Sounds – 24 November 1973
Pete Erskine travels in style to Paris with Hawkwind
The pilot in rumpled blue serge and tarnished braid, is leaning over the port engine cowling emptying the sixth of approximately thirty-pint oil cans into its static innards.
It is a bright crystal clear Sunday morning but an icy wind is gusting across the Gatwick tarmac tugging at the shabby crew of journalists and the maleficent looking Hawkwind drifting across from the departure lounge. When these boys travel, they do it in style.
There are two planes – twin engined twelve seater De Havilland Doves – and the feeling as you climb up the tiny step ladder, bending double through the tiny door, is something like a bit part in a ’40’s bravado and shrapnel bomber Harris film and a flashback to those grainy old movies detailing the pioneers of aviation – ladies in huge hats dipping into picnic baskets full of smoked salmon and champagne and gentlemen in tan leathers and goggles. All very romantic. As the pilot shuts his little coffin shaped door the engines crank away, catch and burble into action. Everyone laughs. the noise and vibration is colossal.
A brisk and expensive cab ride the other end, slewing through the cobbled streets of Paris and we are backstage at the Olympia in surroundings washed in oozing red paint, broken up by a dearth of matt black and a liberal application of art nouveau posters.
Simon King, Hawkwind’s drummer, is leaning against a counter, sipping brandy, wearing a two tone slate grey and black three piece suit telling somebody that he’s pretty sceptical about the forthcoming US tour. “I’ll believe it when it happens,” he says. Earlier, on the plane Dave Brock had been saying that he wasn’t looking forward to it at all. “I prefer to play here,” he said “and in any case, they’ll be expecting the Space Ritual and we’ve been doing it for so long now we want to try something else.” “That’s the thing,” he added, “audiences but mainly promoters – always force you into some kind of category.”
Hawkwind’s set is something I’ve never witnessed before, and it could be my failing, or lack of imagination, but after about a quarter of an hour of what initially seems to be good, pounding rock and roll, nothing much else seems to happen. I mean they keep up the pitch splendidly. There’s no let up or anything.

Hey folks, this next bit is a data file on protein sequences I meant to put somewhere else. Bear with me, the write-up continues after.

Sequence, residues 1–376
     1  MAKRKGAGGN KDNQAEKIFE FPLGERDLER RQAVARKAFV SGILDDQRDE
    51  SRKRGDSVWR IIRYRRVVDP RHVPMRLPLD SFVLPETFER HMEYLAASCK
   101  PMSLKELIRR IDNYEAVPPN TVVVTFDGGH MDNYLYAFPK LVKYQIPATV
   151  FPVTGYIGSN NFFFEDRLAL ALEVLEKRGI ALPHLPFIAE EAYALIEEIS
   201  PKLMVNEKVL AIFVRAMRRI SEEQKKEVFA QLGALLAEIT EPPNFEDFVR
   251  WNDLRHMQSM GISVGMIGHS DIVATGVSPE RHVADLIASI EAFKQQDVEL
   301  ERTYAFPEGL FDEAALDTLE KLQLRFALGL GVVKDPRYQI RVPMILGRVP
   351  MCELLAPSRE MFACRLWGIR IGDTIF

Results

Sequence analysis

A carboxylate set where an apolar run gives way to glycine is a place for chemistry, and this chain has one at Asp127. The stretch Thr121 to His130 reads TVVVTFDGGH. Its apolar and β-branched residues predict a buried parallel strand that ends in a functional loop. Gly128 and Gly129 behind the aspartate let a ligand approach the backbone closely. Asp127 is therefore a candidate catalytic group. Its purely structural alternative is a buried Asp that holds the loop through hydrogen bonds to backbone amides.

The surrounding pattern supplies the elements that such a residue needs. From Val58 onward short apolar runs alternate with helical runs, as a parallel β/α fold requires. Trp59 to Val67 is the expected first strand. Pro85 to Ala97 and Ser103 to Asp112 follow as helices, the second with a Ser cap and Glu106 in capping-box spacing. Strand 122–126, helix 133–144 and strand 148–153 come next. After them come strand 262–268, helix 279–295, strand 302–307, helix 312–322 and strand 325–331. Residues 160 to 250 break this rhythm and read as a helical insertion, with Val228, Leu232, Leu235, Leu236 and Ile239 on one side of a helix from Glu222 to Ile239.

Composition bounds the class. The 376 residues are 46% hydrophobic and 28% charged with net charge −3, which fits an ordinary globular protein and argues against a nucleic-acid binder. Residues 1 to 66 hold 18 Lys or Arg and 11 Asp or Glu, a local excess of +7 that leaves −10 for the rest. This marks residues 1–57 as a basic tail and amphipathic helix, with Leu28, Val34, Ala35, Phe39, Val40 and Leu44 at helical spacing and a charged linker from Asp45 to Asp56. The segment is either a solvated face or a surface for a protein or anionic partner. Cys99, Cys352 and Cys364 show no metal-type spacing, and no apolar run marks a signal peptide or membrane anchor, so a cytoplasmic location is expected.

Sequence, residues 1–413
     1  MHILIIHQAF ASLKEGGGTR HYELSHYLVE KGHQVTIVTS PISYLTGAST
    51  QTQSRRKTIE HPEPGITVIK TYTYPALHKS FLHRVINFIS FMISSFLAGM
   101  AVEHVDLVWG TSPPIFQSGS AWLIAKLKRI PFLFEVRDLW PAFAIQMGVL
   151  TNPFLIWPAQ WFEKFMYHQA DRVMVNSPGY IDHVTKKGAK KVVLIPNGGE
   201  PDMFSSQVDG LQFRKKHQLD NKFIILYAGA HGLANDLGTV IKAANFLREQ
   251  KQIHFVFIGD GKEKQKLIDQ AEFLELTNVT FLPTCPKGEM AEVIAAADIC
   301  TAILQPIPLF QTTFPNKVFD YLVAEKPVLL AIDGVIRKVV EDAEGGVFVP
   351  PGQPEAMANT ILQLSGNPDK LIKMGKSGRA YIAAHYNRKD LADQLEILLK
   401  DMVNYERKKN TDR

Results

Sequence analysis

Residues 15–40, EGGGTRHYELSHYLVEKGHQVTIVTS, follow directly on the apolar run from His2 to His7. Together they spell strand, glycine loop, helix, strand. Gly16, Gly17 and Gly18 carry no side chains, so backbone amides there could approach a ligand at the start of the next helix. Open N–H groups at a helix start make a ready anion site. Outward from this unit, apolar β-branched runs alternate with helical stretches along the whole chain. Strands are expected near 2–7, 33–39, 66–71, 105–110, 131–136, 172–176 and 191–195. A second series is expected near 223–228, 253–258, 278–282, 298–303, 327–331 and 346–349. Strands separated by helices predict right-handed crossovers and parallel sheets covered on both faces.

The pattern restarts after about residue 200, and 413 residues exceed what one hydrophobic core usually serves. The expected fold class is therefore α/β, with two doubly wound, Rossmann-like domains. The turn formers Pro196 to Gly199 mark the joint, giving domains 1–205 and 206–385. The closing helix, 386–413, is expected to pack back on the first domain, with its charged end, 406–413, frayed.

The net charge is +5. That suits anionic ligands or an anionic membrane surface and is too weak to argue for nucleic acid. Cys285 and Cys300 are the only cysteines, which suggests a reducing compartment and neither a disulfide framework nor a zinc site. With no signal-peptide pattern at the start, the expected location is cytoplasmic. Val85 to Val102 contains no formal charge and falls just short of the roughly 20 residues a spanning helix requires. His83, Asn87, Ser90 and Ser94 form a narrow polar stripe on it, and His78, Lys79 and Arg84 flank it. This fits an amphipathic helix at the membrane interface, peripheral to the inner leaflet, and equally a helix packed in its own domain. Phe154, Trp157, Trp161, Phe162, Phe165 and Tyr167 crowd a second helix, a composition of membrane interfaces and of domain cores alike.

Stacia skits across the stage in various guises, the lights project a series of rather one-dimensional moonscapes, a few rocketships, an astronaut or two and your optical Milky Way, but intellectually or lyrically there appears to be no tie up whatsoever. Musically it’s purely a question of pitch – which lets face it, is surely the basis of many rock and roll acts.
There comes a certain point where the intrinsic qualities of a particular form of live music are lost to an audiences supposedly inaudible desire for that old debbil riddem; something a young chap can shake his mane and pop his fingers to. Time and time again the band would offer a respite, a lull when only the bass and drums would be ticking over and each time the audience would start beating out the rhythm on the backs of chairs and stamping their Gauloises butts into the concrete floor; we’re all so groovy and tasteful but the distance between Stevie Wonder and Gary Glitter isn’t that great, really. On one level it all comes down to the same thing – an innate desire for a kind of physical gratification.
In any case, Hawkwind are not to be compared to anyone else because their aims and approach is so opposed to the normal get-up-and-show-em-yer-licks rock and roll band, but they do say they want to put on a show and from that point of view I must admit to being disappointed. I really didn’t think the lights were that good – having talked with their lightsman last year, Liquid Len and the Lensmen, I was expecting something a little more graphic, a little less predictable.They did their encores though, and the sell-out house seemed well pleased and especially demonstrative, cheering Nik Turner as he narrated parts of the ritual in French. One could imaging the US doing their pieces for Hawkwind – in fact their Chicago gig is sold out already – as they seem to love nothing more than a bit of open ended fantasy to grind their teeth on. After all, look what happened to Uriah Heep.
A Plastic Fragment Hawkwind Press Cutting